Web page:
Topic 5 min read

Ohmic drop correction: a means of improving measurement accuracy

Latest updated: June 17, 2021

Introduction

The ohmic drop in electrochemistry indicates the potential induced by the current flow through the electrolyte (with an inherent resistance) or any other homogenously resistive components such as surface films or connectors. It can have a non-negligible influence on different types of measurements in electrochemistry when using potentiostats or battery cyclers.

 

Figure 1: Ohmic drop in the standard three-electrode set-up.

 

 

The ohmic drop is equal to $R_\Omega I(t)$ in the equation below where $V(t)$ is the potential “seen” by the electrode and $E(t)$ the desired potential:

 

$$V(t)=E(t)+R_\Omega I(t) \tag{1}$$

 

Proper cell design can significantly reduce the ohmic potential drop in the solution prior to the measurement, for example, by placing the reference electrode as close as possible to the working electrode. However, in some cases, for example low conductive electrolytes and/or large-scale electrochemical systems, it is not possible to remove this contribution from the measured potential and supplementary techniques are required to determine and correct the ohmic drop.

 

Ohmic drop can have an influence on the shape of the measured curve and become a source of error during the analysis of the results obtained. Examples of electrochemical measurements affected by the ohmic drop are shown in Figures 2 and 3. Measurements were recorded with a VMP3e multichannel potentiostat/galvanostat:

 

Figure 2: Tafel plot of circuit #2 of TestBox-3. No resistance (red) and
additional resistance of 1 k
Ω (blue) in series with the WE.

 

 

Figure 2: Tafel plot of circuit #2 of TestBox-3. No resistance and additional resistance of 1 kΩ in series with the WE.

Figure 3: CV curves of [(Fe(CN)63-] (0.6 mM) + KCl (0.1 M). No resistance and resistance of 100 Ω in series with the WE (RΩI ≈ 10 mV at anodic current peak).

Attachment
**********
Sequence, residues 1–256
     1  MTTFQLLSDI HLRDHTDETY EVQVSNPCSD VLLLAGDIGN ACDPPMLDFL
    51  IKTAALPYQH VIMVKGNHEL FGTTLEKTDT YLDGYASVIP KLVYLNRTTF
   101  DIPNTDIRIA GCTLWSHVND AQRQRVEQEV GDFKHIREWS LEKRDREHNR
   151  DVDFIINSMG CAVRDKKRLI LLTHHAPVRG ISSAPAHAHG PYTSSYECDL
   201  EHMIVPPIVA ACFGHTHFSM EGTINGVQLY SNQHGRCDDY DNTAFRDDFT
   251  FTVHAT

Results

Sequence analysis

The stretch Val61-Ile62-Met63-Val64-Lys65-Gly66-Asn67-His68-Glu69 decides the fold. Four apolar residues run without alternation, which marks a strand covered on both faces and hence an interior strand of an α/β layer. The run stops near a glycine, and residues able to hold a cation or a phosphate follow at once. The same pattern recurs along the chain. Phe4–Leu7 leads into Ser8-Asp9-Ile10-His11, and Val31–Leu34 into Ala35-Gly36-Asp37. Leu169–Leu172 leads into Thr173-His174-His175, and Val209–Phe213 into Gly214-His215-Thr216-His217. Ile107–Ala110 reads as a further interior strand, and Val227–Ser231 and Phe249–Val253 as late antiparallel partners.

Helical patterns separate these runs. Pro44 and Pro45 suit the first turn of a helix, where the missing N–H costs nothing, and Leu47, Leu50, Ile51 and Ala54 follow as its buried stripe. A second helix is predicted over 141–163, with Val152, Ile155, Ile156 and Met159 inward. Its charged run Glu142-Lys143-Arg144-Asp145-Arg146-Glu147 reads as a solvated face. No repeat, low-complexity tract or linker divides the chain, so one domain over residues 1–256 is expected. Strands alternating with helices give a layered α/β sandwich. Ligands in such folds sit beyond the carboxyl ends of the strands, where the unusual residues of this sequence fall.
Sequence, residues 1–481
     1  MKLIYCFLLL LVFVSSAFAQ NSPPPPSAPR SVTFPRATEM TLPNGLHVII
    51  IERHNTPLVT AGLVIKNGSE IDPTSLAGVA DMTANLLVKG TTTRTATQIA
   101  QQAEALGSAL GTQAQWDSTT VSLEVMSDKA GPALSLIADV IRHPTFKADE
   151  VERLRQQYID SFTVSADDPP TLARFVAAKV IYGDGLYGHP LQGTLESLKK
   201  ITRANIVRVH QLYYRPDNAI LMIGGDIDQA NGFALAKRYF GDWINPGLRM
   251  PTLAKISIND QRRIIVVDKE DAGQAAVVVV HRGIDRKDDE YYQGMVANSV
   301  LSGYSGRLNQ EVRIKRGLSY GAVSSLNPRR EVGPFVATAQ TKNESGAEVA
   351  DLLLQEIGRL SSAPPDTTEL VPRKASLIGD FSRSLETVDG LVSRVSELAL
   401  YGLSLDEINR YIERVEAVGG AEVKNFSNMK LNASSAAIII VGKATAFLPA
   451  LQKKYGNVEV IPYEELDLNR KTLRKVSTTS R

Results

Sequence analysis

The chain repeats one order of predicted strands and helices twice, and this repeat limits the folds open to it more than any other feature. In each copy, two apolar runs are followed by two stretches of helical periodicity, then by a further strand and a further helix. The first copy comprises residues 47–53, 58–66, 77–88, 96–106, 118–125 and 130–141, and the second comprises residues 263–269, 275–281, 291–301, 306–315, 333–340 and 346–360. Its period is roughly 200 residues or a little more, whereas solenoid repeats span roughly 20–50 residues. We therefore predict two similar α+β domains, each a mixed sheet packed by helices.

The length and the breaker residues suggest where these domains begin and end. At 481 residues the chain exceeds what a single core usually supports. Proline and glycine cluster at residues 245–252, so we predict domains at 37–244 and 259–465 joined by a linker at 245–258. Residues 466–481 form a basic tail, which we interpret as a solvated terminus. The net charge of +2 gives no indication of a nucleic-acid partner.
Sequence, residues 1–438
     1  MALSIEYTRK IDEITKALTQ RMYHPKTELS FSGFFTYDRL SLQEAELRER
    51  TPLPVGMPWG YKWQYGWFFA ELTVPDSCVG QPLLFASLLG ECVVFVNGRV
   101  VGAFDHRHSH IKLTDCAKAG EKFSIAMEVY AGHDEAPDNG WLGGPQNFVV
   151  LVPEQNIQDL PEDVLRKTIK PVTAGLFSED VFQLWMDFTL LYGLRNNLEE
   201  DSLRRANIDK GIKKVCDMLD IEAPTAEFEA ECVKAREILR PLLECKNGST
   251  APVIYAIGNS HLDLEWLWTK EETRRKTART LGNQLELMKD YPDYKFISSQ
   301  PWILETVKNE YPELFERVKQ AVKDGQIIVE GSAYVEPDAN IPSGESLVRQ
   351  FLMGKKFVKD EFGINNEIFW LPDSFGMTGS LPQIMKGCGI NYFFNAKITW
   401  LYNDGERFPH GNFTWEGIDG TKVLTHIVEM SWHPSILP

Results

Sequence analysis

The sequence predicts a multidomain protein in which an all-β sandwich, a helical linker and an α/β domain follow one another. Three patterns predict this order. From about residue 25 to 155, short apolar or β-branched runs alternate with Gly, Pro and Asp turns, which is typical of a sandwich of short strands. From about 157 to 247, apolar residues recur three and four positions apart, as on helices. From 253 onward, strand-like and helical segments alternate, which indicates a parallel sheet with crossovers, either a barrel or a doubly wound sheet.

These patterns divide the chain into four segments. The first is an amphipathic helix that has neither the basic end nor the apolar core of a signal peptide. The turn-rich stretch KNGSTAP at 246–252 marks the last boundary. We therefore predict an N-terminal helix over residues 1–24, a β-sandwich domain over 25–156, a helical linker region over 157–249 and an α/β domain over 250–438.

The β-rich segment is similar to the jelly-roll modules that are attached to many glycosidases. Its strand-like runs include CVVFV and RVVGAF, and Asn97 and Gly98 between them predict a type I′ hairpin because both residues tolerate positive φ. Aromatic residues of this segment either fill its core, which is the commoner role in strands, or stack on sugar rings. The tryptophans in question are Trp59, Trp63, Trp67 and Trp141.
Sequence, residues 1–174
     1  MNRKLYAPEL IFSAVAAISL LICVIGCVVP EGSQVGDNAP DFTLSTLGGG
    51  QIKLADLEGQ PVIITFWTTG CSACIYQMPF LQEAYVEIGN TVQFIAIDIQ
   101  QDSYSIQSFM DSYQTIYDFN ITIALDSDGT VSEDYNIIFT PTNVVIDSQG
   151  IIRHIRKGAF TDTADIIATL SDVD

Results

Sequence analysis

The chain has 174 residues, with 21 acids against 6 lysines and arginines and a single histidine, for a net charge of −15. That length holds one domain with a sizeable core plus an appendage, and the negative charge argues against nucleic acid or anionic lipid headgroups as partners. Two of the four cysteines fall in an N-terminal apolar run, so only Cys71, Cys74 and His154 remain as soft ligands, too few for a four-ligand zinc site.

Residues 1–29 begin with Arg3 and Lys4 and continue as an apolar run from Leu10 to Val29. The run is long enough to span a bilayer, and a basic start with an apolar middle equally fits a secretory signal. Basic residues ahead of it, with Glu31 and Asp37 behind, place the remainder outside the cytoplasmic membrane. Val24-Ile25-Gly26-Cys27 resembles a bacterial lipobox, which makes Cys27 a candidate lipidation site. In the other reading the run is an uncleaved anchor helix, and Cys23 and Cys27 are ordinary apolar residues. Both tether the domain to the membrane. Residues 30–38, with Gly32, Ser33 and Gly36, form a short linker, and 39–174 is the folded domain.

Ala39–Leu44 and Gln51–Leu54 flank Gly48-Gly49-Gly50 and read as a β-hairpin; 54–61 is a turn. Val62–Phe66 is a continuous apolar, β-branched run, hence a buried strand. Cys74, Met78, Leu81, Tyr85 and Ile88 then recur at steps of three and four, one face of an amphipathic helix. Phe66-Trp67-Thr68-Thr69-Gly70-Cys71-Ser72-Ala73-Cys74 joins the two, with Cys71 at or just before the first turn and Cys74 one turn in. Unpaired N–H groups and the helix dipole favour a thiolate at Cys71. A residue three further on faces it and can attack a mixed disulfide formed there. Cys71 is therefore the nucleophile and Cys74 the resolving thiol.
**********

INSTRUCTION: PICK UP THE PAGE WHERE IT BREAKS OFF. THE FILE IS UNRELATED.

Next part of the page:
Figure 3: CV curves of [(Fe(CN)63-] (0.6 mM) + KCl (0.1 M). No resistance (red) and resistance
of 100
Ω (blue) in series with the WE (RΩI ≈ 10 mV at anodic current peak).

 

Various techniques are available in EC-Lab®, the control and analysis software for BioLogic potentiostats, to determine the value of the resistance causing the ohmic drop: current interrupt and EIS (see AN #28).

 

Electrochemical Impedance Spectroscopy is well-suited to obtain the right value of the ohmic drop whatever the kinetics of the system. Fitting the results with an equivalent circuit allows users to obtain an accurate value of the ohmic resistance (R1 in Figure 4).

 

Figure 4: Nyquist diagram of the impedance of circuit #1-Test Box 3 (blue),
resulting fit obtained with ZFit for the equivalent circuit (red).

 

Moreover, beyond the determination of the ohmic drop, EC-Lab® and EC-Lab® Express software makes it possible to compensate its influence, simply by linking an ohmic drop determination technique before the technique of interest (Figs. 5 and 6).

The value of the resistance to be compensated can be entered manually (MIR, Fig. 5), measured by impedance at one frequency (ZIR, Fig. 6), or by the Current Interrupt technique (CI).

Figure 5: Ohmic drop compensation in linked experiments and
parameters settings window of MIR experiment in EC-Lab
®.

 

In ZIR, $R_\Omega$ is calculated as follows:

$$R_\Omega=\mathrm{Re}Z(f_\mathrm{ZIR})\tag{2}$$

 

Figure 6: Ohmic drop compensation in linked experiments and parameters settings window of ZIR experiment in EC-Lab®.

Figure 6: Ohmic drop compensation in linked experiments and parameters
settings window of ZIR experiment in EC-Lab
®.

 

The ZIR tool allows the user to obtain an immediate resistance value of the ohmic drop without the need to know the electrical equivalent circuit. By default, this measurement is performed for 100 kHz, but users can change this value according to the studied system.

 

Please note that hardware compensation will not work if the resistance value to be compensated is larger than the shunt used to measure the current. For software compensation, there is no limitation. For example, if the resistance to be compensated is 150 Ω and the measured current is 8 mA, then the current range used is 10 mA, which corresponds to 100 Ω, the ohmic drop cannot be compensated.

 

Furthermore, if the system contains an inductive behavior in the high-frequency range, a preliminary impedance experiment and analysis with ZFit must be carried out in order to determine a reasonable frequency for ZIR (see AN #29).

 

For more information see:

AN #27 “Ohmic Drop, Part I: Effect on measurements”

AN #28 “Ohmic Drop. II – Introduction to Ohmic Drop measurement techniques.”

 

 

ohmic drop potentiostat ohmic potential drop EIS Electrochemical Impedance Spectroscopy Current Interrupt technique Ohmic drop compensation
Related products

Related products